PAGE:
TV-land's appetite for exes depends on public amnesia, not forgiveness. Most people just can't remember what all these "formers" did, and many of them are too obscure to even try to recall. TV mishmashes history: it's like that game of "funny faces" in which you can mix and match, and switch their voice boxes. All these ex-perts sound alike because, no matter what their area of expertise, it's been through the TV blender and came out smooth.
The viewership of expert funny faces has been dropping precipitously for another reason: all these "formers" are old. Seeing so many old heads on TV is like watching a mass-resurrection, a return of zombies. It's a scary movie that must have everyone under 50 clutching at their nearest in terror. What if these "formers" actually did come back, in real life, not on TV? Perish the thought. Silent scream.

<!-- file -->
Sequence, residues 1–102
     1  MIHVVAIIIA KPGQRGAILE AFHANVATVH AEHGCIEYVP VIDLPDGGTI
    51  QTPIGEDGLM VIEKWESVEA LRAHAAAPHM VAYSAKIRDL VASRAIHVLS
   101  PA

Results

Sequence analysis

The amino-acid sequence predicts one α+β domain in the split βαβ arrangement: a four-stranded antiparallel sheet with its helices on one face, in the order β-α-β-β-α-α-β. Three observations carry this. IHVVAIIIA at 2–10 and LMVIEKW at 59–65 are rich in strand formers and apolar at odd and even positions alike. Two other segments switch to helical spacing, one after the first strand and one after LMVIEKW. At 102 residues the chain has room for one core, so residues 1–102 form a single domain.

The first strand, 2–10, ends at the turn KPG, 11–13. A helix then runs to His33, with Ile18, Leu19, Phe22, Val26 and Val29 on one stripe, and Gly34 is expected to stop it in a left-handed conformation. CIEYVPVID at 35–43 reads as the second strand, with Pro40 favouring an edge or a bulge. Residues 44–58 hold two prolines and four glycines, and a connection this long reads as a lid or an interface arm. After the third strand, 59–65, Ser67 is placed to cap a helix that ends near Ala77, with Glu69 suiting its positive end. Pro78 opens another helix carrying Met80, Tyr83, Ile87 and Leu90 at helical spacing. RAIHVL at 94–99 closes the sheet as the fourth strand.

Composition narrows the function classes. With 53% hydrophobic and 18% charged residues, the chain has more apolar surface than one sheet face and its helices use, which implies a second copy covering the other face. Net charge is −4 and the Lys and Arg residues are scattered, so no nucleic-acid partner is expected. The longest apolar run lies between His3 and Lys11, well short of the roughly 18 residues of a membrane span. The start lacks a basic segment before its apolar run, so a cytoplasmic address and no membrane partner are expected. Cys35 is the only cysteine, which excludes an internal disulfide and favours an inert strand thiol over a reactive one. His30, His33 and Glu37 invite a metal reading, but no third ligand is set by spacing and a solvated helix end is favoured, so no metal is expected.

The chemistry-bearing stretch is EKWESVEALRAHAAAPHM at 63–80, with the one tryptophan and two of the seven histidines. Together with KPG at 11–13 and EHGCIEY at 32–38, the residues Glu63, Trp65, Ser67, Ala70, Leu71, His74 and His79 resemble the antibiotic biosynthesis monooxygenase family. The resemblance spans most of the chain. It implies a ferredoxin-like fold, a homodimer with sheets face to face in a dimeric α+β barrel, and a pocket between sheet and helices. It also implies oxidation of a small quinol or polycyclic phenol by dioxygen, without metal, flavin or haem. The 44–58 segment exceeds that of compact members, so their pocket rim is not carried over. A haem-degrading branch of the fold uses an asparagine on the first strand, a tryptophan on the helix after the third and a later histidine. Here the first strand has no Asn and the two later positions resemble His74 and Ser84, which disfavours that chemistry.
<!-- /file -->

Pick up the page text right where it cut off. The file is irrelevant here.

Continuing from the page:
TV shows no signs of slowing down the rising from the graves. On the contrary, truly former formers are being drafted from the very shadows of Hades. A new show on Pox called The Dead Speak Out, debuting next week, features Nixon and Joseph McCarthy on the subject of Homeland Security and Lyndon Johnson on war strategy. There is no end to how deep TV can reach for formers. Me, I'm waiting for Plato to say something about the caves at Tora Bora.